2022 trends: Social Cynicism
In December, we launched our annual trends report – Think Forward 2022: Brave New Worlds. It features the five key trends that we expect to shape social media over the next 12 months. This post looks at the fourth trend covered in the report: Social Cynicism. For more, check out the full Think Forward report here.
Social media has become a parody of itself. Creators that call bullshit on social tropes are no longer just heroes of the fringes, but mainstream icons that match established players.
There’s long been a healthy amount of cynicism attached to the stereotypes found in our feeds. This was once reserved for macro influencers like the Kardashians – with their Facetuned images, and perceived prioritisation of clout over creativity – or for the algorithms that fill our feeds, skewing our understanding of political discourse, body image and so much more.
But now, meme admins, digital artists, and comedians are also under the magnifying glass. Challenges have become saturated and overproduced, while meme pages are slaves to engagement as dictated by platforms.
In short, people are seeking a break from the expected. And while all this might sound a little damning, think of it as a wake-up call. In this environment, newness has never looked better. It’s driving a kind of creative renaissance, for individuals and brands alike.
Creators are pushing back against social’s status quo, using comedy and informed critique to manifest a more creative social landscape.
🤷🏿♂️🤷🏿♂️🤷🏿♂️#learnfromkhaby #LearnWithTikTok #ImparaConTikTok
♬ suono originale – Khabane lame
The Behavioural Change
Khaby Lame is just one of the many influencers who’s gained global fame for mocking the trends and creators he sees in his own feed.
Instagram accounts like @doyoueverjustfuckingascend are meme pages that refuse to conform to expectations, created in response to the swathes of cookie-cutter meme pages that can be found elsewhere on the platform.
Critique as content.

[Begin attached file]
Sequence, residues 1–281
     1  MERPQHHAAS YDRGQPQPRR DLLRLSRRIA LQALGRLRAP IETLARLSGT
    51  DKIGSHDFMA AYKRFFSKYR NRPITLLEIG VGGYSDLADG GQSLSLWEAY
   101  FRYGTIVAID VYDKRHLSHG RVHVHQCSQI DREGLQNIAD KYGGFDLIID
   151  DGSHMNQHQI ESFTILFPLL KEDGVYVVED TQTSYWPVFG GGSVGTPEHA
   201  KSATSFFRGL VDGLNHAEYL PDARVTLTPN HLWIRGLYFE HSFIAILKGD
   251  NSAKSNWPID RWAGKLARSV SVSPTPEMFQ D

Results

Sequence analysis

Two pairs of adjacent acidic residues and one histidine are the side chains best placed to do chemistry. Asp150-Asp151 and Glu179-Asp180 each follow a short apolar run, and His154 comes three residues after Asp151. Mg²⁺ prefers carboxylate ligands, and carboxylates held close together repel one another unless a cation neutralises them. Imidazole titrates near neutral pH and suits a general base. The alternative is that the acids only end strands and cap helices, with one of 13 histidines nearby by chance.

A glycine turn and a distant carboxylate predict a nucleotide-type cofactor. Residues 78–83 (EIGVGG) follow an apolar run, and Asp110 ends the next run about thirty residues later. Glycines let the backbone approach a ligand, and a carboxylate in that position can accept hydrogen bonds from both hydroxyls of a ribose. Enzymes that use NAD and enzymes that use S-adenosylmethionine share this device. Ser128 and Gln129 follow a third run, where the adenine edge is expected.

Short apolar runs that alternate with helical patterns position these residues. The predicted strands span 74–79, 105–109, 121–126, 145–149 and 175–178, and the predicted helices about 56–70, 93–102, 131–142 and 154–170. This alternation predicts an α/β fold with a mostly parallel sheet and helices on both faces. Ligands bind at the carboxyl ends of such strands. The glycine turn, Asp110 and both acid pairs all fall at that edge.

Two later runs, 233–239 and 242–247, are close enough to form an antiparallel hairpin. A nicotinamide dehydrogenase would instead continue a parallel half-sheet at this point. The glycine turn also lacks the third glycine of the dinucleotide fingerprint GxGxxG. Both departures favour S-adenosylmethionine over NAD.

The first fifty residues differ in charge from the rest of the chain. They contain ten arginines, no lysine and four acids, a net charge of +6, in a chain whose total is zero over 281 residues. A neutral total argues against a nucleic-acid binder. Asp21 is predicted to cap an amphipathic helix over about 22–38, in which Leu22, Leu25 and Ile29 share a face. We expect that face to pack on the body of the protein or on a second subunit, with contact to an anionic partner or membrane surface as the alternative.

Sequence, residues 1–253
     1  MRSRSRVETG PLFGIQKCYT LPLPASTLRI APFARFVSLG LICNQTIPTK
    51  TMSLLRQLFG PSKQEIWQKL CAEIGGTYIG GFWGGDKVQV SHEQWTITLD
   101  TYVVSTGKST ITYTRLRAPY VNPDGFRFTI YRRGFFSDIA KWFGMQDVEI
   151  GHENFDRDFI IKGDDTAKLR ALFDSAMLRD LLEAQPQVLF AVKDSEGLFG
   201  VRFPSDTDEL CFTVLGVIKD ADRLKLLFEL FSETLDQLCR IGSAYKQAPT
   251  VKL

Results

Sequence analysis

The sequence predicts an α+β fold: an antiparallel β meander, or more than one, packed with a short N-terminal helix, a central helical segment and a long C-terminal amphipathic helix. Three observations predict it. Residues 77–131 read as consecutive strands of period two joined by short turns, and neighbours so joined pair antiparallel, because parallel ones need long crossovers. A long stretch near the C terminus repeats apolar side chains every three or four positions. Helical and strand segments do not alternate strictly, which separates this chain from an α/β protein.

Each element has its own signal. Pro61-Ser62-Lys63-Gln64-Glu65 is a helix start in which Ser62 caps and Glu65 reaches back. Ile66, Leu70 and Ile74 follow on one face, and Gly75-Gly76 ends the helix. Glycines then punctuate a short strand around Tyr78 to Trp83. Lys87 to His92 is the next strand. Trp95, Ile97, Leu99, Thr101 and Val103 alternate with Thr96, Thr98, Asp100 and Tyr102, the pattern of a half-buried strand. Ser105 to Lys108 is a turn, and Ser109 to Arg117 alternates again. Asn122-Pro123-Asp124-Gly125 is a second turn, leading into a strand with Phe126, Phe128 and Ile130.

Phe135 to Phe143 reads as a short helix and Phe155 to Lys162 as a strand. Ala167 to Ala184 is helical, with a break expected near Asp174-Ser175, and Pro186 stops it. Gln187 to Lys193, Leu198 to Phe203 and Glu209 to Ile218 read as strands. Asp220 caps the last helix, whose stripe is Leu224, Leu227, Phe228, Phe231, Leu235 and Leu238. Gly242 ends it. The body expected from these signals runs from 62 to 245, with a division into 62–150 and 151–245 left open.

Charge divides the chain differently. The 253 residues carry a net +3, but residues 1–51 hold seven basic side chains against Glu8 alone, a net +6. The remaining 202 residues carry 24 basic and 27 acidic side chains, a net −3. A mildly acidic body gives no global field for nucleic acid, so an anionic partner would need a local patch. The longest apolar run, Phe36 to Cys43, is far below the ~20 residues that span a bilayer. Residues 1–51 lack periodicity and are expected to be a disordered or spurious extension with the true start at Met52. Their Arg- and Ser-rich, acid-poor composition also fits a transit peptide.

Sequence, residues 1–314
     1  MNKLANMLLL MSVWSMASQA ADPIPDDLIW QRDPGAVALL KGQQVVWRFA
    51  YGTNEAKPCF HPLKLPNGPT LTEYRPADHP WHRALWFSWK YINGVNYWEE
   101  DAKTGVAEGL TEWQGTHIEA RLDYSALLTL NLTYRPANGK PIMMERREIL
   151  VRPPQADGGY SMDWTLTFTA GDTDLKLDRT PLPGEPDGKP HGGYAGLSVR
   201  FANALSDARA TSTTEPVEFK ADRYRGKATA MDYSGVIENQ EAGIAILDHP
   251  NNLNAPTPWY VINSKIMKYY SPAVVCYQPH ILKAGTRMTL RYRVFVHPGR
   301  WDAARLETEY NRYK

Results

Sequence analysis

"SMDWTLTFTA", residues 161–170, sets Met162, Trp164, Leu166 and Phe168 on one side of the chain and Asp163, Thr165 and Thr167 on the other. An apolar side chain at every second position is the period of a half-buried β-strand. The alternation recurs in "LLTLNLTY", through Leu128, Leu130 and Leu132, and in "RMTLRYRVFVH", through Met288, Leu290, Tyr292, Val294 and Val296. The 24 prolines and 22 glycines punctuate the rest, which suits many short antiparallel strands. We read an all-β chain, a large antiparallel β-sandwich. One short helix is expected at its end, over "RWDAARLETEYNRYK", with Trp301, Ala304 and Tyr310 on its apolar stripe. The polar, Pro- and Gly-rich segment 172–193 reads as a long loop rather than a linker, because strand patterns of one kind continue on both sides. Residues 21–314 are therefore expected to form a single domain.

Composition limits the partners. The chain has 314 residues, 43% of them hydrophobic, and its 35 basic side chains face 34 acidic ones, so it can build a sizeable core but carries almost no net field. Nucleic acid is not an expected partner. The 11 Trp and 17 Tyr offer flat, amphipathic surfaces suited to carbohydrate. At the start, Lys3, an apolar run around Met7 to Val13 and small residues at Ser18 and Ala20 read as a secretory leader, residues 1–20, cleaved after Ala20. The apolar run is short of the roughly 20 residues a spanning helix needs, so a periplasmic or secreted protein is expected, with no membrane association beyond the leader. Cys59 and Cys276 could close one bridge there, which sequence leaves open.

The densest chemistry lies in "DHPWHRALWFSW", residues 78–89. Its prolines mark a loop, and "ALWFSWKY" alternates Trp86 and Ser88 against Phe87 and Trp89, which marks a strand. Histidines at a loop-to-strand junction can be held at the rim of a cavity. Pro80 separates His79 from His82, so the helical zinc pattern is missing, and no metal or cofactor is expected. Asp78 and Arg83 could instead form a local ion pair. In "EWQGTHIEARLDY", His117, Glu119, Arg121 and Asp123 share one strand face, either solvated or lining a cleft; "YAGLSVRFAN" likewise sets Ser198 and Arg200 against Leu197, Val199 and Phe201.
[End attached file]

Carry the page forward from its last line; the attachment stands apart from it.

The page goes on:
At the more serious end of this spectrum of cynicism, swathes of creators are using videos from other users as the subject matter for their own commentary, offering perspectives on how social tropes have enforced damaging norms around beauty, race, sexuality and more.
#stitch with @marysherb #fypシ #CurameChoreo #ShowYourGlow
♬ FVN! – LVL1
How can brands use it?
1. Brands can encourage people to push back against digital tropes.
In response to a picture perfect online food culture that’s grown both aesthetically and edibly predictable, Heinz is celebrating weird food combos with social campaign #NormaliseHeinzOnEverything – delivered with the line ‘saucy not sorry’.
2. Brands can poke fun at themselves and the social stereotypes of their industries. One way to align with this shift is to remix or subvert typical brand behaviors online: McDonald’s recently changed all their social avatars to an intentionally bad redesign of their logo by TikToker Emily Zugay.
3. Brands can cut through in cluttered cultural moments by calling out the status quo. During Ramadan, brands speaking to Arab audiences on social tend to go big on the narratives around family. In 2021, Gucci scrapped this approach, instead opting to create a parody of traditional ‘80s Arabic soap operas.
Read more about Social Cynicism in Think Forward 2022: Brave New Worlds here.